Japan's merchandise trade surplus narrowed to Y614.7 billion in March from Y813.4 billion in February, matching the consensus forecast of Y614.4 billion. The value of Japan's exports increased 12.0 percent on the year in March, up from 11.3 percent in February and 6.5 percent for January and February combined and well above the consensus forecast of 6.6 percent. The value of Japan's imports recorded growth of 15.8 percent on the year, up strongly from 1.2 percent in February and 5.0 percent for January and February combined and also beating the consensus forecast of 11.5 percent.
Exports to most of Japan's major Asian trading partners showed strong growth on the year in March. Exports to China grew by 16.4 percent, the fifth consecutive year-on-year increase, with exports to Korea and Taiwan up 29.0 percent and 12.0 percent respectively. Demand was more subdued but still positive elsewhere, with exports to the United States up 3.5 percent on the year and those to the European Union advancing 1.4 percent.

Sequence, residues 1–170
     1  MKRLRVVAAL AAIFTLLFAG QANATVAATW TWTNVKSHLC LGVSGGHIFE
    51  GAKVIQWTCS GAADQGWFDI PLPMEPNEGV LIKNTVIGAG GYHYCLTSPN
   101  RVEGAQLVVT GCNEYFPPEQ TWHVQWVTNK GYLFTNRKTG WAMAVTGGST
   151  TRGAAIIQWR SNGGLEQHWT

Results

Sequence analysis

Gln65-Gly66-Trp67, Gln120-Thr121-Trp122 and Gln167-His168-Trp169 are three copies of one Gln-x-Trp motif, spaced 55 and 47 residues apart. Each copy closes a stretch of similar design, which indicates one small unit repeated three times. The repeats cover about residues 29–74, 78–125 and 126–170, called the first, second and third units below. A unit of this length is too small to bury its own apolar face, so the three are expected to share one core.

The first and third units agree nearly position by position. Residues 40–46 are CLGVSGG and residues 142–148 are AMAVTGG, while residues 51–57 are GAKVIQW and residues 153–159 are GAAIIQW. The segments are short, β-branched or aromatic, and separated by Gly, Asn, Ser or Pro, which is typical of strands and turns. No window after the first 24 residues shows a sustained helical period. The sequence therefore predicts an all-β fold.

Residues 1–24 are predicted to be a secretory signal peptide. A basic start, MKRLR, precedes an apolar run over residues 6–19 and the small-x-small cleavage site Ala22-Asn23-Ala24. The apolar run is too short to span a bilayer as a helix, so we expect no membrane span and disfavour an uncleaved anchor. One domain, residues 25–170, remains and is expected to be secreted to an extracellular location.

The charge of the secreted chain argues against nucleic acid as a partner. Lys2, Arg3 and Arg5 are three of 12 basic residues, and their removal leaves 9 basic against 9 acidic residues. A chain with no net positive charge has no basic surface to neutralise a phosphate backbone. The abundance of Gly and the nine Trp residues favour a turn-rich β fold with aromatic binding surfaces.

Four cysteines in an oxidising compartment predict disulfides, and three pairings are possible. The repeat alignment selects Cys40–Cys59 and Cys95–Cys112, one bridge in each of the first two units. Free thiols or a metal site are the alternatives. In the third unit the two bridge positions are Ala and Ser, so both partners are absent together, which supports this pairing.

Higher global oil prices were the main factor driving the acceleration in headline import growth in March. Although the volume of Japan's imports of petroleum fell 16.8 percent on the year, their value soared 45.7 percent. Higher prices for metals, iron and steel, coal and liquid petroleum gas imports also contributed to the stronger headline growth.
Today's data shows somewhat stronger trade flows in March, with the values of exports to and imports from other regional economies in particular showing solid growth. The recent escalation in tensions with the North Korean regime, however, may present a downside risk to regional trade flows in the near-term.
Merchandise Trade balance measures the difference between imports and exports of both tangible goods and services. The level of the international trade balance, as well as changes in exports and imports, indicate trends in foreign trade.
Japan's merchandise trade balance measures visible trade and excludes services. Specifically it is the difference between imports of goods and exports of goods. A positive value indicates a trade surplus (exports exceed imports) while a negative value indicates a trade deficit (imports exceed exports). Movements in the trade balance reflect altered demand for Japanese exports which subsequently impact the yen's value and directly affect GDP growth because of the economy's dependence on trade.
The report gives insight into changing trends regarding Japanese trade. Such developments are especially important for Japan, which is an export-oriented economy that has historically experienced large trade surpluses and any change can have a dramatic effect on the domestic economy. Typically the headline number is the change from the previous year in yen along with the percentage change in exports and in imports from the previous year.